Coping When Cancer Keeps Letting You Know It’s There

As every patient can tell you, coping with a cancer diagnosis isn’t easy. In fact, for me, trying to cope with cancer to get my head around my initial blood cancer diagnosis was an all-encompassing effort for the first weeks of my cancer fight.

Over time, I settled into a new normal, particularly once I recovered from my autumn 2019 autologous stem cell transplant. My doctors were pleased with my blood values, and I was pleased that they were pleased. While I was still being treated with maintenance doses of Revlimid and Velcade, there were a great many times when I sort of … forgot … that I had cancer.

A reminder cancer’s still there

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For a number of years, I was coping with cancer well. However, that’s changed for me recently.

During March is “Myeloma Action Month,” and as a patient and patient caregiver advocate, I was very active in social channels, raising awareness of multiple myeloma and other blood cancers and raising funds for the Multiple Myeloma Research Foundation. Being out there so actively across social platforms makes it difficult not to have multiple myeloma front of mind.

While on Instagram early in March, I saw a post from a myeloma group that spoke to the advancements in treatment for multiple myeloma, and it used survival rates five years after diagnosis as proof points. Treatment advancements have now pushed that five-year survivability number to just under 60 percent.

While that figure denotes remarkable improvement, it didn’t sit too well with me. You see, I saw that post about a week before the fifth anniversary of my diagnosis on March 11. Taken in tandem, I viewed it all as an unwelcome reminder of my ongoing battle.

And then, for me, it got worse. About a week later, my doctor notified me that my myeloma protein markers are trending in the wrong direction and, while still relatively low, warrant both a PET scan and a bone marrow biopsy.

Oh, joy. Not.

Struggling to cope with cancer

For two weeks now, I’ve sort of regressed mentally and emotionally to where I was five years ago. And, you know what? I don’t like it.

It’s understandable, of course. But, it’s taken some time in order for me to pull myself back up. On the plus side, though, it’s been a good reminder.

I’m a natural cheerleader and positive thinker. Heck, I’m the “Punch Today in the Face” guy, for crying out loud. Still, it took me a while to shake off the doldrums, and to be perfectly honest, I’m not all the way back yet. Hopefully, once my test results come back and my doctors have adjusted my treatment regimen accordingly, it won’t take long.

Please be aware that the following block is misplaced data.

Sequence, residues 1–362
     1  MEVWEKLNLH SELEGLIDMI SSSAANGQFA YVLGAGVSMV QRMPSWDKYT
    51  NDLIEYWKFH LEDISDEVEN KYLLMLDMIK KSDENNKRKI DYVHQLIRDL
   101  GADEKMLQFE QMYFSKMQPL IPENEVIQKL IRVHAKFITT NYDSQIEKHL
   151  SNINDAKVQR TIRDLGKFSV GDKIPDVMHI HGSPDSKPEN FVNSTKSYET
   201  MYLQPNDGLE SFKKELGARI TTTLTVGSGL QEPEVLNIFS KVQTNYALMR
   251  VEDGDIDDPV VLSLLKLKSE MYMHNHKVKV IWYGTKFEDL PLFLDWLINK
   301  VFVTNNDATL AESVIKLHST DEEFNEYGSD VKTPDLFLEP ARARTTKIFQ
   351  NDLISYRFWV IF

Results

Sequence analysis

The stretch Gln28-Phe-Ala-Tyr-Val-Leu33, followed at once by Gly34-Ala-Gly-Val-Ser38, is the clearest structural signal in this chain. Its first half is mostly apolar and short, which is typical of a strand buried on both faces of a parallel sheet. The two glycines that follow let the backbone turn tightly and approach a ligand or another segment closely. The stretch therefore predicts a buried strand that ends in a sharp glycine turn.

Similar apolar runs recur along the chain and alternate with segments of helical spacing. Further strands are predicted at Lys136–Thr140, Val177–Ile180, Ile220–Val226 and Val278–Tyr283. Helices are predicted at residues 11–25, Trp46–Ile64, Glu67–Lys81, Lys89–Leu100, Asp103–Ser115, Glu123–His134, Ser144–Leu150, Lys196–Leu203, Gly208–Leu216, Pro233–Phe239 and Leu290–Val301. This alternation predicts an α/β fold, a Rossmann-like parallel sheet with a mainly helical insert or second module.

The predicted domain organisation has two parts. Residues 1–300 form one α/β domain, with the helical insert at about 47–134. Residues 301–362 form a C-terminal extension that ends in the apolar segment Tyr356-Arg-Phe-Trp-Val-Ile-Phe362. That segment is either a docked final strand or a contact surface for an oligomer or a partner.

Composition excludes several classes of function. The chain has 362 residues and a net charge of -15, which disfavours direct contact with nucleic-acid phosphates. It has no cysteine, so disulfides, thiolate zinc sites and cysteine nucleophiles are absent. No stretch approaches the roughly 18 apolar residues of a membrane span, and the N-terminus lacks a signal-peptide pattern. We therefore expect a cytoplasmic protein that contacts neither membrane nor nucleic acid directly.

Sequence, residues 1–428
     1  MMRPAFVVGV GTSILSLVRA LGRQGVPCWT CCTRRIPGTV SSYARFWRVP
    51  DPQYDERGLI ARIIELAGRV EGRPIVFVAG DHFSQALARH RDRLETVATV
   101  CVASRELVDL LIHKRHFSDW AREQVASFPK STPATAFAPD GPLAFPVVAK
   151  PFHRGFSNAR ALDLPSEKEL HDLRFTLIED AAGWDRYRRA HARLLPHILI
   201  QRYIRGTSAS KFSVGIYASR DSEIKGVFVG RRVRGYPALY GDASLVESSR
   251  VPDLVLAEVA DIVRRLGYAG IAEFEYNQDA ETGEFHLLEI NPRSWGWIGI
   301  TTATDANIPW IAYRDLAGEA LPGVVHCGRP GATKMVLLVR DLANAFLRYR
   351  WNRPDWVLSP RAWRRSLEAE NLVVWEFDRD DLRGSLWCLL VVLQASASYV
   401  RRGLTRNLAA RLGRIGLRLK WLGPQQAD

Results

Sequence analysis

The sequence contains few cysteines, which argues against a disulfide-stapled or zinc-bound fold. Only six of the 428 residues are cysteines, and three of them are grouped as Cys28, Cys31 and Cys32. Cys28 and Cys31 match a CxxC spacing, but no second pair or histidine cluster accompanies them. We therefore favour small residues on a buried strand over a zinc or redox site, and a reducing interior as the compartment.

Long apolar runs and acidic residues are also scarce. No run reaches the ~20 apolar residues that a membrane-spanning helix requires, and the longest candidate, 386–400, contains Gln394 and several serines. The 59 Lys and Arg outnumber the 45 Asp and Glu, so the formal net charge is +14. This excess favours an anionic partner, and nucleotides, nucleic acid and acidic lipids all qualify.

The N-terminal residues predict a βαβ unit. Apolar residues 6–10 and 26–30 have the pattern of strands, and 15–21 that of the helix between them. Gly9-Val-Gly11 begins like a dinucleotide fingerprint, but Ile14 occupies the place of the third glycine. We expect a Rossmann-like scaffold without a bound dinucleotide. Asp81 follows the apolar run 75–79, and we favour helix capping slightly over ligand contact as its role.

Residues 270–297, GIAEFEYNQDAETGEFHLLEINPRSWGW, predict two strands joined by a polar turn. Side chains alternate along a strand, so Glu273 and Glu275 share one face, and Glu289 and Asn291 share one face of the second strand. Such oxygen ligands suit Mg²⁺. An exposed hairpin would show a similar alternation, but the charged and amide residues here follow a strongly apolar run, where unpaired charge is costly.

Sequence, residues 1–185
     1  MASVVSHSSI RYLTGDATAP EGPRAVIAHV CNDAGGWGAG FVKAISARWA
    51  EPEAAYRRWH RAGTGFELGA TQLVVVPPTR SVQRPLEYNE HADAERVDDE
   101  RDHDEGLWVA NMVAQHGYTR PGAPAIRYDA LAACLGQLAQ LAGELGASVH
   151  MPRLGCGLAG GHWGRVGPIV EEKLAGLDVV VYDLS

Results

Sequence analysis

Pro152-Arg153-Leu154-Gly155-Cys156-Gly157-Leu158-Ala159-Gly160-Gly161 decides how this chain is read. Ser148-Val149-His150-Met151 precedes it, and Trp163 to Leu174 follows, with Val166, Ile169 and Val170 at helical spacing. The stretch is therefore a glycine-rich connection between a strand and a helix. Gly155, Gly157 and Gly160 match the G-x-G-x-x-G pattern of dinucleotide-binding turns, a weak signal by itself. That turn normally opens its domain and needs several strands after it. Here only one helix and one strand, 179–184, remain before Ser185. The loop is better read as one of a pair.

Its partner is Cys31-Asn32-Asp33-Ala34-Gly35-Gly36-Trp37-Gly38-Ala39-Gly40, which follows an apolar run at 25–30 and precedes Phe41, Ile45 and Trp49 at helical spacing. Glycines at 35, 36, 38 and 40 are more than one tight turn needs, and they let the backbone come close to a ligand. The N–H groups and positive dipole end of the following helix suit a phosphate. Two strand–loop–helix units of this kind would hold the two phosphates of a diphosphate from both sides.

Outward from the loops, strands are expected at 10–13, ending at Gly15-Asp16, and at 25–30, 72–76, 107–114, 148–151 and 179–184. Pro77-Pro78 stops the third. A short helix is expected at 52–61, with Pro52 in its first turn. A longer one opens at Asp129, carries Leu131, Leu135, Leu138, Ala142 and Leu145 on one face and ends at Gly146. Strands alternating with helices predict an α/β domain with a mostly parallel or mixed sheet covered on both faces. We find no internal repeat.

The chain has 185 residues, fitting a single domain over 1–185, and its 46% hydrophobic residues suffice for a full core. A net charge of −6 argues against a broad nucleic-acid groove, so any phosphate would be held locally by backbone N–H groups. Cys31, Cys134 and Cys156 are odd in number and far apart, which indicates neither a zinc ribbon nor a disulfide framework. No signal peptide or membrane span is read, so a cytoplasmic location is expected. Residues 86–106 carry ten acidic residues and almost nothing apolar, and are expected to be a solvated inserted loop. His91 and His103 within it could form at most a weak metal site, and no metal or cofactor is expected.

Like I said, though, my recent bout with coping with cancer has been a great reminder. Cancer patients are continuously dealing with new normals, and there will definitely be peaks and valleys to navigate. It’s only natural that we all, at times, struggle.

I’ve always thought about my complete person as being made up of my physical, mental, emotional, and spiritual states. And for me, when one falters, I try to use one or more of the other ones to pull it back up.

It’s easy when things are going swimmingly. When there are a few big bumps in the road, it tends to get more difficult. It’s those difficult times that I’m reminded I don’t have to do this alone.

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Strength in numbers

I went to my first-ever support group meeting about a week after my initial diagnosis, and those people, in the years since, have taught me a lot about cancer, the human spirit, and more. They’ve also motivated me. They were there with a helping hand when I needed others to pull me forward, and I committed myself to being there to help pull forward those who follow me.

It’s not just my support group; it’s also my big group, my team or tribe of friends. They pull me forward all the time. For example, I get so energized when people tell me they pray for me. That inspires me, for I can’t disappoint anyone who’s taking the time, effort, and energy to actually pray for me!

Coping with cancer takes a village, friends. We’re all in this together. Some days, we provide help from others; other days, we receive help from others. My recent mental and emotional struggles have reminded me of that fact.

I like to pride myself that I’m there for others when they need me, that I’m here to serve. I also know there are others who are there to serve me.

Here’s my invitation to you: If I can be of service to you and yours, in any way, please let me know. On the flip side, when I come a-calling, please answer. We all get something and, like I wrote above, we’re all in this together. Together, we’re stronger than we know!

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This article represents the opinions, thoughts, and experiences of the author; none of this content has been paid for by any advertiser. The team does not recommend or endorse any products or treatments discussed herein. Learn more about how we maintain editorial integrity here.

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